Gay Ambassador Nominee Sparks Controversy In The Dominican Republic

    The country’s cardinal refers to Obama’s pick to lead the U.S. embassy in the Dominican Republic a "maricón," which is usually translated as "faggot," while others urged the country's president to reject the appointment. Brewster is one of five out gay nominees for ambassadorships named in June.

    When President Barack Obama nominated a gay man as the new ambassador to the Dominican Republic on June 21, he touched off a firestorm of debate in the Caribbean nation — which has devolved even to derogatory name-calling.

    Catholic Cardinal Nicolás de Jesús López Rodríguez referred to Brewster as a "maricón" — which is usually translated as "faggot" — during a press conference. At his side, Monseñor Pablo Cedano promised the nominee such an unpleasant stay in the country that he will have to return home.

    "I hope he does not arrive in the country because I know if he comes he is going to suffer and will have to leave," Cedano said. He called it "a lack of respect" that Obama "sent ... a person of this kind as an ambassador," adding, "[W]e don't despise the person."

    The dust-up over the nomination shows the direct impact that full equality for gays and lesbians in the United States can have abroad. The nominee, James "Wally" Brewster, was a major Obama fundraiser and a national LGBT co-chair for the Democratic National Committee. His nomination, which still must be confirmed by the Senate, is the latest in a flurry of appointments of gay Americans for ambassadorships by the Obama administration. Five others were named just in the last month. Only three openly gay ambassadors have served before them.

    While these nominations have raised few eyebrows in the other countries where they will be working — like Spain, Denmark, or Australia — Brewster's appointment has caused a great deal of concern in the Dominican Republic. Conservative religious leaders and other opponents of LGBT rights have called on Dominican President Danilo Medina to refuse to accept him if he is confirmed.

    LGBT activists said the Catholic leaders' remarks incited violence.

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    Evangelical groups echoed the Catholic leaders' sentiments.

    In a joint letter calling on the Dominican president to refuse Brewster's appointment, the Community Christian Church and the Dominican Evangelical Fellowship called the nomination "an insult to the good Dominican customs" in "a country where gay relationships are not approved legally nor morally."

    The Dominican Republic is far from the most anti-gay country in the region. Unlike nearby Belize and Jamaica, sodomy is not a crime here. But same-sex marriage is expressly banned by the country's constitution.

    Newspaper columnist José Alberto Ortíz accused President Obama of trying to force same-sex marriage on the Dominican Republic through Brewster's nomination, tying the appointment to the U.S. Supreme Court's ruling that the federal government must recognize same-sex married couples.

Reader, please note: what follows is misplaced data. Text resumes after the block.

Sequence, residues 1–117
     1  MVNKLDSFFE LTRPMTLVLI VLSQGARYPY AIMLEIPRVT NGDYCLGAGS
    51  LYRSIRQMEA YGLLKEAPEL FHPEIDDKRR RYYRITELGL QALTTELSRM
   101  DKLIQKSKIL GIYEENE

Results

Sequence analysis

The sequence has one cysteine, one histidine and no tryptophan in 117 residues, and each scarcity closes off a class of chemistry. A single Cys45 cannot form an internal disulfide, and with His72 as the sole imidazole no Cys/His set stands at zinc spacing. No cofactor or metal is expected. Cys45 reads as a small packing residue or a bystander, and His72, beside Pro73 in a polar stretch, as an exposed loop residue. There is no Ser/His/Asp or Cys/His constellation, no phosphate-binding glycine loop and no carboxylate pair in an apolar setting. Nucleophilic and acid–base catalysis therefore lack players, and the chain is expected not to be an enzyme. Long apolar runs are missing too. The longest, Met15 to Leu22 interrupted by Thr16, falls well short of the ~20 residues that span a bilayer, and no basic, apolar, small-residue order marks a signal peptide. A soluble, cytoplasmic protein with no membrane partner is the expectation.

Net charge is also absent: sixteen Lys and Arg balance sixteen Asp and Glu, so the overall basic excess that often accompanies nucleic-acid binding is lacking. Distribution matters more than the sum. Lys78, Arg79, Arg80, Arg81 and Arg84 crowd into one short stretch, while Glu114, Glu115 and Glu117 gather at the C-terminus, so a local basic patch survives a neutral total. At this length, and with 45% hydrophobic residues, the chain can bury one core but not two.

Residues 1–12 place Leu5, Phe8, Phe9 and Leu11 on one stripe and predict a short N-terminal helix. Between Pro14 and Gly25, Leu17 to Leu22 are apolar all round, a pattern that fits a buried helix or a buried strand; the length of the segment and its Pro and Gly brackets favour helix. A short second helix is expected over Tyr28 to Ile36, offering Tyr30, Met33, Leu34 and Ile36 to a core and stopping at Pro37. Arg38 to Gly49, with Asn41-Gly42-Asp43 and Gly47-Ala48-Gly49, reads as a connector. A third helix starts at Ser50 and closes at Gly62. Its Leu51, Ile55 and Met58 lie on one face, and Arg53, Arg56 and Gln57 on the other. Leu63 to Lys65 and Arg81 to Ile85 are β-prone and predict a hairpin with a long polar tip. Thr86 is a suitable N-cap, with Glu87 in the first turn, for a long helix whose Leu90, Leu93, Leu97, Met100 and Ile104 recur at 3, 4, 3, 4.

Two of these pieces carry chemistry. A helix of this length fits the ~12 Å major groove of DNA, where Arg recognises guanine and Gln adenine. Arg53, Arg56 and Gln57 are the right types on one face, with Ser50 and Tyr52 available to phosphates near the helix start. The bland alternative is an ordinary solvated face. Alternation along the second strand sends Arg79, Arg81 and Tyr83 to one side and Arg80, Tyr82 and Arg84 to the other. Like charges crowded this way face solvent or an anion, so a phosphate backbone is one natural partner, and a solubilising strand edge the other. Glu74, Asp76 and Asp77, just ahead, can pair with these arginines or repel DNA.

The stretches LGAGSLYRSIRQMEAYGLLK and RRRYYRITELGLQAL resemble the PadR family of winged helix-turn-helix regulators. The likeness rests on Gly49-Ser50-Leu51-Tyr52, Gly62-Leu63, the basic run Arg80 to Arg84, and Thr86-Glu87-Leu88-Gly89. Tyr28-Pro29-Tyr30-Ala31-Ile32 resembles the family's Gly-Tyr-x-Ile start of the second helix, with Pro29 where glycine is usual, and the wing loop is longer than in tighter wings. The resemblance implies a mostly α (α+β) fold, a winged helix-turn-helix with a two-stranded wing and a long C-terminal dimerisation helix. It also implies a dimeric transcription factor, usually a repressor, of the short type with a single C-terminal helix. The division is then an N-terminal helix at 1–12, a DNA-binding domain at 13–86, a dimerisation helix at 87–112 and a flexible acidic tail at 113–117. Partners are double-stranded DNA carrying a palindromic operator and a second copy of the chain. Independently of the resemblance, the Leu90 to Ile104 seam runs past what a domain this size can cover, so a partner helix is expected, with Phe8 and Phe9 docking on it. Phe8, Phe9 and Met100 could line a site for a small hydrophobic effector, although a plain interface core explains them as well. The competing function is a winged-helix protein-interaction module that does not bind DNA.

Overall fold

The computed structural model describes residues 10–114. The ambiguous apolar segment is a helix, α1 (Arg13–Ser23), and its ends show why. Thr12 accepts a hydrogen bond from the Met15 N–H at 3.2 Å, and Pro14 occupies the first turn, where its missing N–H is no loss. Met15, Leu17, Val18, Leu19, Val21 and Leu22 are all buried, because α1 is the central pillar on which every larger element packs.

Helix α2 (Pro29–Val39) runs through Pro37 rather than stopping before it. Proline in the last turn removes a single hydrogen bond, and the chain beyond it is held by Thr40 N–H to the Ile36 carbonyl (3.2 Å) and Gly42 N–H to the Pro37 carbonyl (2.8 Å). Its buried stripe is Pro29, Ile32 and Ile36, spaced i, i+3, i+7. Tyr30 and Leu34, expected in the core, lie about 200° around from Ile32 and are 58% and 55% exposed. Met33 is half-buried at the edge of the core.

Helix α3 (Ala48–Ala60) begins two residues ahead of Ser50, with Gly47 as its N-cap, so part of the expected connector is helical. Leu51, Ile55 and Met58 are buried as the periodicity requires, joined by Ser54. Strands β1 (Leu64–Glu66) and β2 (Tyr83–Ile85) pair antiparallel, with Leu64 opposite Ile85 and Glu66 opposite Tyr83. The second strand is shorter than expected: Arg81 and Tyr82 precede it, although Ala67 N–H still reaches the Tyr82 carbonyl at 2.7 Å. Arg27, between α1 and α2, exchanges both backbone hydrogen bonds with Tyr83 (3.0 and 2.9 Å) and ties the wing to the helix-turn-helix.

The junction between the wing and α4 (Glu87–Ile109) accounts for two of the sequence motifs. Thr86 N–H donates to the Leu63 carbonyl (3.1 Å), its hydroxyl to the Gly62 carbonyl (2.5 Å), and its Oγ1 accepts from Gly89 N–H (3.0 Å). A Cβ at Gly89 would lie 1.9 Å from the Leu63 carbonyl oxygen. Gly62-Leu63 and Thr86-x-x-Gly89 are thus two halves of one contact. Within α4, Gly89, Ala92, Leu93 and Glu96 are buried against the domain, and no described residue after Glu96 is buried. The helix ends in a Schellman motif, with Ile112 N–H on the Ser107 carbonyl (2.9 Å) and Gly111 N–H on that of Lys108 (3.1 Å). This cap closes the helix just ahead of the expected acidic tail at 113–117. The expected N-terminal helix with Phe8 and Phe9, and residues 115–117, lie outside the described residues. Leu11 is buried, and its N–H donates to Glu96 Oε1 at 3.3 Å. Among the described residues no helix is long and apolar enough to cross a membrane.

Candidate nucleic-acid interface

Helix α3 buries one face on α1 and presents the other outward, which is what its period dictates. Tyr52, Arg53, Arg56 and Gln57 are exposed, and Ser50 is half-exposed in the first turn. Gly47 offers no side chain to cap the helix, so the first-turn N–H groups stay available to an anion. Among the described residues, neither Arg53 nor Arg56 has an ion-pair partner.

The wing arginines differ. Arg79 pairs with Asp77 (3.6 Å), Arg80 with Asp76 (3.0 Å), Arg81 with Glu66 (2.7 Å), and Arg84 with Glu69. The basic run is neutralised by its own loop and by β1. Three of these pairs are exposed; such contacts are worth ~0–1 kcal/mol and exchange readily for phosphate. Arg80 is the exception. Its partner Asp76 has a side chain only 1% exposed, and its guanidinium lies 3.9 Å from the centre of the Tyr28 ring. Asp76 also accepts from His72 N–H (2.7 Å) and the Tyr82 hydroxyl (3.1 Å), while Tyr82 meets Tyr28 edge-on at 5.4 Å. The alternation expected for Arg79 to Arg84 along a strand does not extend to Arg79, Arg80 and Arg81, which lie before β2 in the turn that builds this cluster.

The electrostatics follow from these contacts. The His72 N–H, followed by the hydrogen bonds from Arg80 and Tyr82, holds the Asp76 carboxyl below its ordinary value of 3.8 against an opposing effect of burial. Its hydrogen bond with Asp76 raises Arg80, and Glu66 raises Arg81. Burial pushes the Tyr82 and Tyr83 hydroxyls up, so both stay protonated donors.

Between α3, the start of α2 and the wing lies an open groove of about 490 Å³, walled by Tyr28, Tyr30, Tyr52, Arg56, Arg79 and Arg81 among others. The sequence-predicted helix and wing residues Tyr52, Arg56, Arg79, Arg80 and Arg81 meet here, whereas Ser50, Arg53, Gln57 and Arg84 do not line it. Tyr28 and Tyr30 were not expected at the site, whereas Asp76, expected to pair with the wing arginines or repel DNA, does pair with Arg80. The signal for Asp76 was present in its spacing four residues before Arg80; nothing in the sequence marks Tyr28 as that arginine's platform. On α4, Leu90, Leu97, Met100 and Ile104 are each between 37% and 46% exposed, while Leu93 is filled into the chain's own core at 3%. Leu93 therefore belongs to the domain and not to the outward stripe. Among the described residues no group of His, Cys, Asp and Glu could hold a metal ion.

"Obama knows that a large majority of the Dominican population rejects that two people of the same sex can unite in matrimony and form a family," Ortíz wrote. "As it is not possible to convince the population of his ideology, he has opted to impose it, a typical act of an imperialist government."

    Dominican gay rights groups, of course, have slapped back at this opposition and the threatening rhetoric coming from religious leaders.

    "These prejudices are absolutely irrational and lead people to ignore the evidence, logic, and justice," said Lorena Espinoza of the Feminist Forum.

    LGBT leaders also accused Catholic leaders of having a "double standard" for attacking Brewster's appointment while protecting a priest accused of raping 12 girls.

    The attacks have also been denounced by a United Nations official in the country.

    Valerie Julliand, who represents the United Nations Development Program, said that religious opposition "has no basis" and officials should not be "judged for their sexual preferences, but rather their abilities."

    After initially keeping mum on the controversy, an official of the Medina administration said it would be "indelicate" to reject Brewster if he is confirmed. Indeed, said Cesar Pina, a legal adviser to the Medina administration, the Dominican Republic signed off on the nomination before it was publicly announced.

    The U.S. embassy ultimately felt it had to weigh in to defend Brewster's appointment.

    A spokesman for the embassy, Daniel Foote, said on Friday, "Brewster arrives as an ambassador, he's not coming here as an activist for the gay community."

    The Obama nominations point the way toward making the appointment of gays and lesbians routine without the symbolic value they once held for domestic activists. The first openly gay man nominated for an ambassadorship, James Hormel, became a rallying point when Republican senators — including now Defense Secretary Chuck Hagel — attempted to block him from representing the United States in Luxembourg.

    The controversy over Brewster's nomination could be the first of many conflicts as the United States' LGBT policies become more progressive and countries where LGBT rights lag behind.